Loading presentation...

Present Remotely

Send the link below via email or IM

Copy

Present to your audience

Start remote presentation

  • Invited audience members will follow you as you navigate and present
  • People invited to a presentation do not need a Prezi account
  • This link expires 10 minutes after you close the presentation
  • A maximum of 30 users can follow your presentation
  • Learn more about this feature in our knowledge base article

Do you really want to delete this prezi?

Neither you, nor the coeditors you shared it with will be able to recover it again.

DeleteCancel

Manja

An Introduction to the Essential Questions
by

Kenda Benner

on 1 June 2010

Comments (0)

Please log in to add your comment.

Report abuse

Transcript of Manja

Is war ever justified? Climate and Vegetation The manja live in small clusters of houses that are isolated and independent of one another. Here we go!!!! Manja Location Northern Congo (Zaire) Population of Manja is 24,000. Major language spoken is Manja (Equatorial Bantu) Crops they grew included sorghum, maize, manioc. The crops surround the dripping rainforest. Bananas, taro, and yams also take an important role in their diet. Manja has a tropical rain forest to tropical wet-and-dry climate. Temperatures are extremely hot and humid. Daytime highs 30-35 degrees Celsius. Nighttime lows are below 20 degrees Celsius. The average annual temperature is 26.7 Degrees Celsius. Vegetation is extremely rich and diversified.
Animals consist of elephants, lions, leapords, chimpanzee, gorilla, wolves, pythons, crocodile, parrots, flamingos, ants, mosquito, etc. Kenda Benner
&
Dustin LaRoque World Geography History of Manja They originally migrated from the area around Lake Chad to the north with the Ngbaka and Gbaya peoples, to escape slave traders.
The Ngbaka and Gbaya are their current neighbors.
The Europeans arrived late in the 19th century. The Manja have already finished their migration. Economy Men fish in the local rivers and manage to snare the occasional meal through sporadic hunting.
The major rivers are used for regional trade. GDP: $6.5 billion, per capita $195; real growth rate 2.8% (1988) External debt: $8.6 billion (December 1989 est.) Agriculture: cash crops--coffee, palm oil, rubber, quinine; food crops--cassava, bananas, root crops, corn Industries: mining, mineral processing, consumer products (including textiles, footwear, and cigarettes), processed foods and beverages, cement, diamonds Political System The eldest male member of each extended family is recognized as the leader among them.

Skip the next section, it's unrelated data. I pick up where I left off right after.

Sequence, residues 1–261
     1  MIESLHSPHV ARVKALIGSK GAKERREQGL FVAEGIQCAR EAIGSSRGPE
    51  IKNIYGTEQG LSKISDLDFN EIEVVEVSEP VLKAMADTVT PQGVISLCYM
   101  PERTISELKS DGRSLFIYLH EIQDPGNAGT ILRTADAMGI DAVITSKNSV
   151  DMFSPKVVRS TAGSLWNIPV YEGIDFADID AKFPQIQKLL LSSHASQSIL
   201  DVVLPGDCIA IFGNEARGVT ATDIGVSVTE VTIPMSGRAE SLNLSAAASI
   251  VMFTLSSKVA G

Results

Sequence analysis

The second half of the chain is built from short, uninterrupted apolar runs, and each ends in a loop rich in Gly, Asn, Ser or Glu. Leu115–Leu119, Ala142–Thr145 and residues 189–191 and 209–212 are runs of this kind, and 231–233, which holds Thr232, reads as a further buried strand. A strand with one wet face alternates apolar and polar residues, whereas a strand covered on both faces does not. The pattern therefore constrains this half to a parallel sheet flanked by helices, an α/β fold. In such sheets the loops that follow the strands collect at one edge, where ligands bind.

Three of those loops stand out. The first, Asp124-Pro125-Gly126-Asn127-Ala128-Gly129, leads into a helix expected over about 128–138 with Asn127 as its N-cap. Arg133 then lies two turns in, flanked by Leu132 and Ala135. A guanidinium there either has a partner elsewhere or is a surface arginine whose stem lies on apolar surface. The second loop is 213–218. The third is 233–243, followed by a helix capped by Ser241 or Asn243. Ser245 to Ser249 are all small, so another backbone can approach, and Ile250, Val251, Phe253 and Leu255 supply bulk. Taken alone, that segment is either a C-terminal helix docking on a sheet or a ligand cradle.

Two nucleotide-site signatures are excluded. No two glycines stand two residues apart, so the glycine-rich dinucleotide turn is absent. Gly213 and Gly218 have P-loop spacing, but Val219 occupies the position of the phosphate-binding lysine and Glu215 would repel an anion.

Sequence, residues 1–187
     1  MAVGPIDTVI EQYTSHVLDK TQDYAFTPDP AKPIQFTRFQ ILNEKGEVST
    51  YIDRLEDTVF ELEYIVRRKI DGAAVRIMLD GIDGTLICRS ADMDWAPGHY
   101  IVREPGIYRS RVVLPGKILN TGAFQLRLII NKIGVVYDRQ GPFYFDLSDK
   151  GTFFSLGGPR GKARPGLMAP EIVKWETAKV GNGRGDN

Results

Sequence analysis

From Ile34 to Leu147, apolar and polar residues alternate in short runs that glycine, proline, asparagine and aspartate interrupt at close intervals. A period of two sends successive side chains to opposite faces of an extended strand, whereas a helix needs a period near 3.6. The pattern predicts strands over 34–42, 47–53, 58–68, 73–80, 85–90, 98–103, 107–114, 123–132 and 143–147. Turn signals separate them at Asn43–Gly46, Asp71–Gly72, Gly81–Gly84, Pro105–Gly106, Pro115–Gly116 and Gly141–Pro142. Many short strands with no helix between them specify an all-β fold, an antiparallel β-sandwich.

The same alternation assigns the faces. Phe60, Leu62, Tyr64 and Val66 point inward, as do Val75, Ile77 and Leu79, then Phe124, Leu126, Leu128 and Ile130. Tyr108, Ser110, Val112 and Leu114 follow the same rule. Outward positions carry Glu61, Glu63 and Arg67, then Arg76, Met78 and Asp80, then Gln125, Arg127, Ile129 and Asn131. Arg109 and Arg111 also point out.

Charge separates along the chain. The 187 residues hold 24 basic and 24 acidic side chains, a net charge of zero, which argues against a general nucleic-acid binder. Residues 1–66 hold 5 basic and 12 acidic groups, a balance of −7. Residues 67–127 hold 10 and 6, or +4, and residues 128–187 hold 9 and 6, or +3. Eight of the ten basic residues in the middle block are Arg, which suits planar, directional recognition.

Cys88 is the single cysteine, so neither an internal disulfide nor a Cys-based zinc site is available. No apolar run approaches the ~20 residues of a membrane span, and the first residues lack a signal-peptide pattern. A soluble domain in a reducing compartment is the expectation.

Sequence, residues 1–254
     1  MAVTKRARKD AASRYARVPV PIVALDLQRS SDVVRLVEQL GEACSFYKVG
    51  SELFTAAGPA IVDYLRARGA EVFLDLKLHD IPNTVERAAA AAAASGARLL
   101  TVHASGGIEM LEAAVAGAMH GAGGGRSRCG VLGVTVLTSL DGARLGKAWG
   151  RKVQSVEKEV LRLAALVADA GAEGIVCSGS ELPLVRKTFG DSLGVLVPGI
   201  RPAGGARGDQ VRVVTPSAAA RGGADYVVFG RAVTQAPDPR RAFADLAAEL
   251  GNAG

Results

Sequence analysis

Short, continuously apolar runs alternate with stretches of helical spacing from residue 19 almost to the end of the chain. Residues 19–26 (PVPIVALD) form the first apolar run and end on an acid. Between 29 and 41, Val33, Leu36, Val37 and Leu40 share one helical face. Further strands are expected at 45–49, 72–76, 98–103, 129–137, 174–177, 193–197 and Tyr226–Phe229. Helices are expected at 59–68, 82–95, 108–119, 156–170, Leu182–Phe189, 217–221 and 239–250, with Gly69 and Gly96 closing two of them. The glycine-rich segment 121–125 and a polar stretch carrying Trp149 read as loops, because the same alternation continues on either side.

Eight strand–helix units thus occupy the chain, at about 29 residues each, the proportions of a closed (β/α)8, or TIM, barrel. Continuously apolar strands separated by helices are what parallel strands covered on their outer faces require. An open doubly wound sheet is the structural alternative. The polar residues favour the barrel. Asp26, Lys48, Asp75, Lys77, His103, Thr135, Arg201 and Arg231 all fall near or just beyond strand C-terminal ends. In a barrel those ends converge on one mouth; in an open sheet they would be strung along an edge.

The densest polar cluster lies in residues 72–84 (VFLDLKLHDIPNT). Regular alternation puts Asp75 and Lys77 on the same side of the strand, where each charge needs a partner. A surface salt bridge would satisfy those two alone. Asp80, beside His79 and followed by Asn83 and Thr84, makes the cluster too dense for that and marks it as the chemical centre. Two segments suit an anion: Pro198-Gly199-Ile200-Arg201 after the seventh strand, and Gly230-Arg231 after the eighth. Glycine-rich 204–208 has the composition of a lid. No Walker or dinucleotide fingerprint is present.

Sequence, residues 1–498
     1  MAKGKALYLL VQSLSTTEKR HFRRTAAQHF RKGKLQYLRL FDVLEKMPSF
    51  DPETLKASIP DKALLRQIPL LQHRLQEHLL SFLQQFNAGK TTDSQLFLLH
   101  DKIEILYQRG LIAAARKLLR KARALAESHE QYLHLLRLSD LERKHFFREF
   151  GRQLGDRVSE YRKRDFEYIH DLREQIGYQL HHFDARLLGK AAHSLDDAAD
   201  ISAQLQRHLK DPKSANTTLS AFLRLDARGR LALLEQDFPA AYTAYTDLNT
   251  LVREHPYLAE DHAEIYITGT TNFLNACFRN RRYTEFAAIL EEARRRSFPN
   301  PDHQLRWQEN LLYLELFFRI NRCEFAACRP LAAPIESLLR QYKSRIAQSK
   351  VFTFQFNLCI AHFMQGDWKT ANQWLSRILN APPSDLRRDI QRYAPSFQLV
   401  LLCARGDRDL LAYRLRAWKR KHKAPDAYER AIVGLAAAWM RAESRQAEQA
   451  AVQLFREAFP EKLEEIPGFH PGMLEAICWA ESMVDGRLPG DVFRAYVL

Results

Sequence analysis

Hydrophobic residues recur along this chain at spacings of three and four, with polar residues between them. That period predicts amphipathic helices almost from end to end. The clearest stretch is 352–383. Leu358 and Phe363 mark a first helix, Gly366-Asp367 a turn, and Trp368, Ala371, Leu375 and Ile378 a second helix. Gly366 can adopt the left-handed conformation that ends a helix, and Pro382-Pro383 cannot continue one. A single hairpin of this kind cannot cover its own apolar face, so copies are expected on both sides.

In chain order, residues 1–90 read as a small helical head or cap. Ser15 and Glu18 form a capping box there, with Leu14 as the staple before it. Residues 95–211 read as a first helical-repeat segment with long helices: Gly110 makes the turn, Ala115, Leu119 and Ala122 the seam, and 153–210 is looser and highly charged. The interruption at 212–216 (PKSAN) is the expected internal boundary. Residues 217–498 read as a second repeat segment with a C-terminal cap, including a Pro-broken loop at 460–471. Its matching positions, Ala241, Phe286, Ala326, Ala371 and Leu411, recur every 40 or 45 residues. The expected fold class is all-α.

Men often marry several wives, the women are given their own home to raise their children.
Men are responsible for clearing the land using slash and burn techniques, while the rest of the work is done by the women. Terrain: vast central basin is a low-lying plateau; mountains in east Palm oil production Congolese farmer Political parties and leaders: Popular Movement of the Revolution (MPR), only legal party Elections: elections for rural collectivities' urban zone councils and for the Legislative Council of the Popular Movement of the Revolution were held June-September 1982; presidential referendum/election held July 1984, next scheduled for 1991 Marshal Mobutu Sese Seko, president of Zaire and supreme commander of the FAZ
Courtesy Agence Zaïre Presse Religion One particular ancestor, Ngakola, once lived on among the Manja with his wife, Ngandala, and daughter, Yamisi. He had the power to give and take life.
This great power is very much revered by the Manja, and he is represented in several sculptures found in museum collections. Manja religion centers around the ancestors. Important ancestral figures are represented in figures to which offerings are made in hope of receiving their blessings. Thought to embody ancestors who are responsible for the clan's wealth.
Mambila Statue Art Manja style is very similar to the Ngbaka and Ngbandi, although Manja figures usually do not have the thick scarification patterns that typify their neighbors. Ngbandi mask Ngbaka art Future for Manja AIDS will spread throughout the rest of the Manja people. Education of african children African Boy The National Institute of Social Security in Zaire provides pensions and other social benefits to salaried workers. In the mid-1980s Zaire had about 1300 physicians and 64,100 hospital beds. Sources http://www.internationaleducationmedia.com/zaire/index.htm

http://www.theafricantribes.com/snapshots/Manja-People.htm
prezi.com
Full transcript